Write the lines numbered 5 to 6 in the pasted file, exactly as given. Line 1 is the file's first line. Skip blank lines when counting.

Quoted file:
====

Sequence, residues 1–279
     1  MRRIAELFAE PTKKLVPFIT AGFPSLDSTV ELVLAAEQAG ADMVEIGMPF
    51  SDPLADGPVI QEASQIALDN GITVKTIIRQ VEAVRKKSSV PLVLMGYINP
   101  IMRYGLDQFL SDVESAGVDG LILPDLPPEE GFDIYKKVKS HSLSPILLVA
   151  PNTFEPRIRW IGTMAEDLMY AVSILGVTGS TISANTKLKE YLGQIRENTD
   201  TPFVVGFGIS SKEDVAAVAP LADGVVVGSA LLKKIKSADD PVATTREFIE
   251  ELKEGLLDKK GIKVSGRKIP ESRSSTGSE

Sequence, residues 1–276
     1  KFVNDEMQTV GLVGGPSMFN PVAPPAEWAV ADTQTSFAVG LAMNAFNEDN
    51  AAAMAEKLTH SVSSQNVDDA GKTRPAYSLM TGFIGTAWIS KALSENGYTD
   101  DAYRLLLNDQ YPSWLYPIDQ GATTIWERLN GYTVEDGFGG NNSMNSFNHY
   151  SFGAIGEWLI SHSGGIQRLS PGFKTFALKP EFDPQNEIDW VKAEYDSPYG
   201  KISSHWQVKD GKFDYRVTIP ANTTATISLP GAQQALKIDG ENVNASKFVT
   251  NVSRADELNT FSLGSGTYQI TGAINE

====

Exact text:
   151  PNTFEPRIRW IGTMAEDLMY AVSILGVTGS TISANTKLKE YLGQIRENTD
   201  TPFVVGFGIS SKEDVAAVAP LADGVVVGSA LLKKIKSADD PVATTREFIE